(Original post by Harmonic Minor)
That's the problem with Marxism, it is too deterministic. And it's all good and well saying Marxism should not be consciously implemented, but I mean, somebody had to come up with Marxism (Marx - though obviously socialism came before Marx, but somebody had to think that up too), and Marxism had to be spread through books, journals, word of mouth etc. One of the most important aspects of Marxism (or at least, Marxism-Leninism) was to inculcate workers with 'class consciousness' (they were obsessed with this) so that they were aware of their historic role.
And when you think about it, a programme like socialism or Marxism would require more conscious effort than say, capitalism. Socialism is the seizing of the means of production through class war - how can you do this unless you are aware of what needs doing? And then of course, operating the means of production in the name of/for the needs of the workers. Capitalism on the other hand emerged more naturally (at least in my opinion), as the fetters on production were relaxed (as feudalism decayed and finance capital made production and exchange more fluid) and man's natural 'propensity to truck, barter, and trade' (in Adam Smith's famous words) was unleashed. Indeed, capitalism is far less 'ideological' than socialism - if capitalism had an ideology it was liberalism, and much of liberalism pertains to politics over economics (the freeing of the individual to pursue his own destiny, economic or otherwise).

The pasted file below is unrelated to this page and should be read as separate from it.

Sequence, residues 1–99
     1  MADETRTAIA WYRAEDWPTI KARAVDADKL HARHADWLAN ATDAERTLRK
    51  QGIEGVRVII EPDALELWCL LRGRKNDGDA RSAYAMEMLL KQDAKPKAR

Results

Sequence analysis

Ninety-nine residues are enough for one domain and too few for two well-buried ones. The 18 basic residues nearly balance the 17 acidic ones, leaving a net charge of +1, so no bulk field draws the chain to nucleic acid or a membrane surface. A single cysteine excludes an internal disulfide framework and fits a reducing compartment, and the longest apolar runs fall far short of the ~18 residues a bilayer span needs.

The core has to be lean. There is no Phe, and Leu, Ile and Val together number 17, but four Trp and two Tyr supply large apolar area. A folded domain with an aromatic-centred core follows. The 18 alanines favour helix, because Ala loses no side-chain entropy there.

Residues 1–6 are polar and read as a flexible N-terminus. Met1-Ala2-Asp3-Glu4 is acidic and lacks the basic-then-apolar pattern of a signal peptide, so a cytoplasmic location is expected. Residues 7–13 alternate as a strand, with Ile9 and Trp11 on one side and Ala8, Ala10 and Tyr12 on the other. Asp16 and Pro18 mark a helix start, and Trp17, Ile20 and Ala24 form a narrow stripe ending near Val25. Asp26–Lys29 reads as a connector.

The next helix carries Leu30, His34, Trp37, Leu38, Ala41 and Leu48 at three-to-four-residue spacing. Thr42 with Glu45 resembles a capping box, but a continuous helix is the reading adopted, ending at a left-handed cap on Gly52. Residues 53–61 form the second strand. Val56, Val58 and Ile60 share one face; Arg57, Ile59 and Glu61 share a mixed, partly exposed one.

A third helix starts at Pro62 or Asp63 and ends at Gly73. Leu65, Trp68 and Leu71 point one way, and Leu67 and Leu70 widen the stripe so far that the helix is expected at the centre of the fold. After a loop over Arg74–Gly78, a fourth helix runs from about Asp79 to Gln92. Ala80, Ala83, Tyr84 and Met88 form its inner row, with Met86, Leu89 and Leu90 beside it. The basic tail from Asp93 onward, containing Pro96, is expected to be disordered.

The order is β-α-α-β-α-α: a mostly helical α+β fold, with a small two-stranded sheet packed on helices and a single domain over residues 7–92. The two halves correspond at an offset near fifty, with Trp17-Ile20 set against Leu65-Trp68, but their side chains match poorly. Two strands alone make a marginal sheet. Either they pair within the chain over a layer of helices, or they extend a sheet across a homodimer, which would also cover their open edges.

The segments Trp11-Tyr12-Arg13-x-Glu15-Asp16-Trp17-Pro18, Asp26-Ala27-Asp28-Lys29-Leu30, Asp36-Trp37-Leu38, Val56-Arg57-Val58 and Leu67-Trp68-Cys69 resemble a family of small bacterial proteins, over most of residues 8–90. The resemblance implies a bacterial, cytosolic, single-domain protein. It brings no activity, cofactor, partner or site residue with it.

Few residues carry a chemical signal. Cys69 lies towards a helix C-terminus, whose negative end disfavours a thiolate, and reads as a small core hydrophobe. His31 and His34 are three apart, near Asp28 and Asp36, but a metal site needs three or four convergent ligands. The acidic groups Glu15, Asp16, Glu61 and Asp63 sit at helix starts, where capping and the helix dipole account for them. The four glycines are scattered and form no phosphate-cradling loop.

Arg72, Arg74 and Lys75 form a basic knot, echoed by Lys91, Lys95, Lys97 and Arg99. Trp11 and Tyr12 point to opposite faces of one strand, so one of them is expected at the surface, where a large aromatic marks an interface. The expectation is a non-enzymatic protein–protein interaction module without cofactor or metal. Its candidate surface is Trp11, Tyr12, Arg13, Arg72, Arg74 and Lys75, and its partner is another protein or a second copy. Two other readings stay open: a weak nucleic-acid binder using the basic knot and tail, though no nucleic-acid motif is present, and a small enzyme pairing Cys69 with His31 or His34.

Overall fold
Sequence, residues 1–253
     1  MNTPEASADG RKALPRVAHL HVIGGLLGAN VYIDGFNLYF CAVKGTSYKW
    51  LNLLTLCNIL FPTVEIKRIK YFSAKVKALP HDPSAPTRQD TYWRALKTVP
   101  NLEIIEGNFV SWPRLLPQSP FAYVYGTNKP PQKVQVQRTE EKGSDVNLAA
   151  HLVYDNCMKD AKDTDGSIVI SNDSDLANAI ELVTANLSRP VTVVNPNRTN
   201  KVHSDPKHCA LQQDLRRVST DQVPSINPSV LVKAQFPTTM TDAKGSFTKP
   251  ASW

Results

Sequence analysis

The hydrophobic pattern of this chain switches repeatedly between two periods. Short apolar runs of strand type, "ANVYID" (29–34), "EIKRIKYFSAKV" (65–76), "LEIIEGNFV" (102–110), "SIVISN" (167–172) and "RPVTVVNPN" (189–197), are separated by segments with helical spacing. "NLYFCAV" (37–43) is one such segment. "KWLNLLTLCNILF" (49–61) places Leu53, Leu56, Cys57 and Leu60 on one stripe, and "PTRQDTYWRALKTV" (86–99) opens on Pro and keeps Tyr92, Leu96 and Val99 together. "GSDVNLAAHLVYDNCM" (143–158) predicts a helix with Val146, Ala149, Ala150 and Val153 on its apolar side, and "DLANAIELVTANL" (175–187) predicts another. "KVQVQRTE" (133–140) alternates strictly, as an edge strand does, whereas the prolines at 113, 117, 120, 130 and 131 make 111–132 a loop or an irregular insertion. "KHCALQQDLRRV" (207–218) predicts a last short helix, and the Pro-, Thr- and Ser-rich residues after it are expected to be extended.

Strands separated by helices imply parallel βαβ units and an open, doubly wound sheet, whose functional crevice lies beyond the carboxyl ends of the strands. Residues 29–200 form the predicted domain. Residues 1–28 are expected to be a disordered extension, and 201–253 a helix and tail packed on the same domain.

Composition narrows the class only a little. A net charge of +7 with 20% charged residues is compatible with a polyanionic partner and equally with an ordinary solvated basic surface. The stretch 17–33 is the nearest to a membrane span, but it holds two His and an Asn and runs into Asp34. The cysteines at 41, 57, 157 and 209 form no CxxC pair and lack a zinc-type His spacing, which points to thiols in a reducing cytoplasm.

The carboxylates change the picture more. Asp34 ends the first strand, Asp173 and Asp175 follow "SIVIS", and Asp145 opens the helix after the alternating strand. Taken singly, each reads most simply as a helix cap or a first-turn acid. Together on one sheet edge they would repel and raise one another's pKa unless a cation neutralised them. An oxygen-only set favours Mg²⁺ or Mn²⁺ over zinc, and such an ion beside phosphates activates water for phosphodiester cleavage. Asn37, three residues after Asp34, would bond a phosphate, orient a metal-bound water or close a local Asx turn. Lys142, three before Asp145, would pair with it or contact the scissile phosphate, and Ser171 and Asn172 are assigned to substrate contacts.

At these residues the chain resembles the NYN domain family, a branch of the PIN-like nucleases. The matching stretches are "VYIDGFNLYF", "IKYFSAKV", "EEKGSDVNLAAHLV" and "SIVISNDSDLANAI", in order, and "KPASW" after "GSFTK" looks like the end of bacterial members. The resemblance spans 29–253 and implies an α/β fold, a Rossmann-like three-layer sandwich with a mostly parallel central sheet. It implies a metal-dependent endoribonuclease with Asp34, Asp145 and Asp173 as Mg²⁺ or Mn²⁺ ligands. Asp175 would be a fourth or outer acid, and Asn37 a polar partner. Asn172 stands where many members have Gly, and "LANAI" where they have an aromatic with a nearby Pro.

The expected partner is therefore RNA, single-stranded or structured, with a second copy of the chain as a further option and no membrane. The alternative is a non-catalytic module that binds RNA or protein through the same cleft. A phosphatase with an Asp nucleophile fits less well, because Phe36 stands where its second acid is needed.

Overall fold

Quite tellingly, the word 'capitalism' to denote an all-encompassing system was not even conceived until the end of the 19th century (even Karl Marx barely used the word, preferring 'capitalist mode of production'). As Martin Malia wrote,'The fact is that until almost the end of the [nineteenth] century people did not talk about capitalism at all; and when they did take up the term, the initiative came not from the "capitalists" themselves, but from socialists seeking to brand the world they hoped to negate' (The Soviet Tragedy
, p. 49). In other words, the idea of 'capitalism' emerged after the fact of its existence (or at the very least, concurrently, as people became aware at the time of a new economic epoch replacing mercantilism). Socialism, however, has always been prospective, and whereas capitalism naturally involves a relaxation of controls (meaning the individual is free to pursue his economic destiny), socialism involves a unitary effort at seizing the means of production, so I fail to see how it could be implemented without some conscious effort.
But who knows? My view is that technological advancement is what is currently driving history (in conjunction with democratic principles) - perhaps we will see a highly advanced, technocratic collectivist society sometime in the future when we have progressed far enough.